Lee Dronick

I also take it as a tacit admission that the last Shuffle was a step too far. They went too small and putting the controls on the cable was a mistake. Honestly, was a fraction of an oz really that important?

I have one and overall I like it. It has its advantages and of course disadvantages with its size and weight being both. It is easy to misplace and as I mentioned in a previous post I ran my first one through the laundry. I have worn it as a tie clip.

I do like the inline controls on the cable. When the iPod is in a case or pocket it is easy to adjust volume or jump to the next track. What I don’t like are the Apple Earbuds which don’t fit me well. Voice over is okay on the relative small capacity Shuffle, but I wouldn’t want to have to use it exclusively on a larger capacity iPod.

All of that being said if I had to buy another iPod I probably would get a Nano. I bought my Shuffle to replace a 3r generation iPod Nano, I really liked that model’s form factor. The 4th generation Nano had some sharp edges that I didn’t like.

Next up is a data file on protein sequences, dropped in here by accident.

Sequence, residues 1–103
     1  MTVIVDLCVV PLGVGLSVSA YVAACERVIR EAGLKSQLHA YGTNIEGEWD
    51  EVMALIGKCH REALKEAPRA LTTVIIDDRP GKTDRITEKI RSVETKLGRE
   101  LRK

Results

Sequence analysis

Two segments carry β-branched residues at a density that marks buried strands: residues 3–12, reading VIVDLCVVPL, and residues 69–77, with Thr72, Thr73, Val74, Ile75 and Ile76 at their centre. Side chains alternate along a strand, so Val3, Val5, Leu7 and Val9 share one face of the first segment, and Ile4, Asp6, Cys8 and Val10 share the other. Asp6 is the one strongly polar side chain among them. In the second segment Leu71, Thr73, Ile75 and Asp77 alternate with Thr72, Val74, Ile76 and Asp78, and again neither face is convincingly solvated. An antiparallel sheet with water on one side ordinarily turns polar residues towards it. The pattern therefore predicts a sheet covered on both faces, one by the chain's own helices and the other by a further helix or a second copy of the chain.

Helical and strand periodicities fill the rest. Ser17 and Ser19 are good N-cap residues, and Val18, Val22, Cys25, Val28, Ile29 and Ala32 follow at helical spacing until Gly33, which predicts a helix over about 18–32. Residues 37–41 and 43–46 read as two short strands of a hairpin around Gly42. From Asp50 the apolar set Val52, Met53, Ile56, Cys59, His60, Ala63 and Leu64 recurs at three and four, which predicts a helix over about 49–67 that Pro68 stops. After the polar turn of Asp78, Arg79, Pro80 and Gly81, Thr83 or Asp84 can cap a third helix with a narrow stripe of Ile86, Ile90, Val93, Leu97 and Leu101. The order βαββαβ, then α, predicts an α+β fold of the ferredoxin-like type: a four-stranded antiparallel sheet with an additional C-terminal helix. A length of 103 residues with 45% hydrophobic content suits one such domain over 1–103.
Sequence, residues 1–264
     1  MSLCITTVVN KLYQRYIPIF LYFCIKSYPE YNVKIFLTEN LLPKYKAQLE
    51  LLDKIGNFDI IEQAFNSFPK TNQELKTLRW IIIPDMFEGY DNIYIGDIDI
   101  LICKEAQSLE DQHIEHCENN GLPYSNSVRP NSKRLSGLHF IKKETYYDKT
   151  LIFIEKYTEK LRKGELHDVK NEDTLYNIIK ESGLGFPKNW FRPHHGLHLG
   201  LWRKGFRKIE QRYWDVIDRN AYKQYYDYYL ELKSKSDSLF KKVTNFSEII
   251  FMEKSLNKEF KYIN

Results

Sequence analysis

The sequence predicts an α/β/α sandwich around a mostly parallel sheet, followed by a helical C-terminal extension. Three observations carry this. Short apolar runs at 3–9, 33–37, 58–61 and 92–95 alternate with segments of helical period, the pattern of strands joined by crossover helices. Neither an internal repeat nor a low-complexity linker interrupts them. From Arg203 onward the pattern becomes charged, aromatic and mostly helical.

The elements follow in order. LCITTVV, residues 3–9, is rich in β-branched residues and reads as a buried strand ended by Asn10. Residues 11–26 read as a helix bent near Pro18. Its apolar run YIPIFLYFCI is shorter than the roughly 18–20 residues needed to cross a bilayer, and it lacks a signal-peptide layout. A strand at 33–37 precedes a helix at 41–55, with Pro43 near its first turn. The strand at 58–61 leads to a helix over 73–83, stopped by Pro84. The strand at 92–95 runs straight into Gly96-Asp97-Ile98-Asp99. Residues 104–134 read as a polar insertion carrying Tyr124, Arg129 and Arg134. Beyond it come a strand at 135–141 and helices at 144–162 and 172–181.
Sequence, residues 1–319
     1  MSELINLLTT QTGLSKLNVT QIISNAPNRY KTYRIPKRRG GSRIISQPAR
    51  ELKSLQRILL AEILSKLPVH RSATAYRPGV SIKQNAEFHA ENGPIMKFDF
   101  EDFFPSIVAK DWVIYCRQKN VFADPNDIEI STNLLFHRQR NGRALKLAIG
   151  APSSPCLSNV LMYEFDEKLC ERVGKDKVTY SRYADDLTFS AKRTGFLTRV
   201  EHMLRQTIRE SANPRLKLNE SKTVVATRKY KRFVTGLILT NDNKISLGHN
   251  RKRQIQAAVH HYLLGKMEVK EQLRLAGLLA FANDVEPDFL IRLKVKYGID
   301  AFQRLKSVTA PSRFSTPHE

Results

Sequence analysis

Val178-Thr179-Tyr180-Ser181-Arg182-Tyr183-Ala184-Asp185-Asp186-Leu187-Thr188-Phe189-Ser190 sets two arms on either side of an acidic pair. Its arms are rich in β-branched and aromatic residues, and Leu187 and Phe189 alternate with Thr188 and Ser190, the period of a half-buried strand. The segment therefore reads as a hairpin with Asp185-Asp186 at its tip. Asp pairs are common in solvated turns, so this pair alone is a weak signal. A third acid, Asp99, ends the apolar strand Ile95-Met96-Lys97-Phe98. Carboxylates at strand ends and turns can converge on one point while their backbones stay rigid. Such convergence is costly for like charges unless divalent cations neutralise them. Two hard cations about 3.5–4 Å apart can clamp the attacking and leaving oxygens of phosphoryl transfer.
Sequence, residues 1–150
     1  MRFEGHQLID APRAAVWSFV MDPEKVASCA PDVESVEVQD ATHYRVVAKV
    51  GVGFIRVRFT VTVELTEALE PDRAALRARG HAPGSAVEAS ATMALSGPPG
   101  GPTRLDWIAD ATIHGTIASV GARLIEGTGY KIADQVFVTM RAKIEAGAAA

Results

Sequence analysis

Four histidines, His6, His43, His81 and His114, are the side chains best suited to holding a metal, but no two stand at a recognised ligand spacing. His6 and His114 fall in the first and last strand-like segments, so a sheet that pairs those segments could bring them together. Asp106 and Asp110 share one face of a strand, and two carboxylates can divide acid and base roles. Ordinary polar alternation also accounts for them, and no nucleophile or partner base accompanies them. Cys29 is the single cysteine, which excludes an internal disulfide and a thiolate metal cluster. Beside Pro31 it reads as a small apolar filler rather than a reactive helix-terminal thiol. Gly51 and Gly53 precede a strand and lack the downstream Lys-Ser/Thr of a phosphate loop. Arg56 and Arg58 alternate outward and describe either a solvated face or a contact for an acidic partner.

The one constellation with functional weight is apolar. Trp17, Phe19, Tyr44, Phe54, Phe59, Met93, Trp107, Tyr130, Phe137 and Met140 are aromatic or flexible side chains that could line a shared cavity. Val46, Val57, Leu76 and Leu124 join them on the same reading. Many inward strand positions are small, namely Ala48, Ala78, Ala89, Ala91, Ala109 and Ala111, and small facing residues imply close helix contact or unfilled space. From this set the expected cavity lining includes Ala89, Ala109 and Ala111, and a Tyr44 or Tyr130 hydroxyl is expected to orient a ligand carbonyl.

pdwatson2

Ted Landau said on September 1st, 2010 at 6:51 PM:
Talking on a podcast, I came up with a positive about Apple TV that I did not consider in the column here:

If you have a minimal TV setup (e.g. no cable, no Blu-ray), the Apple TV can be a cheap and easy way to add the option to rent movies, TV shows etc. How big a market this is, remains to be seen.

Could be a deal in my house, if true and easy.  A $99 way to watch Netflix streamed movies on the big screen?  Good idea.  It would allow us to ditch cable entirely, since we don’t use it to watch anything but PPV movies.  That would save us hundreds every year.  (!)  This is the first time I’ve been tempted by Apple TV.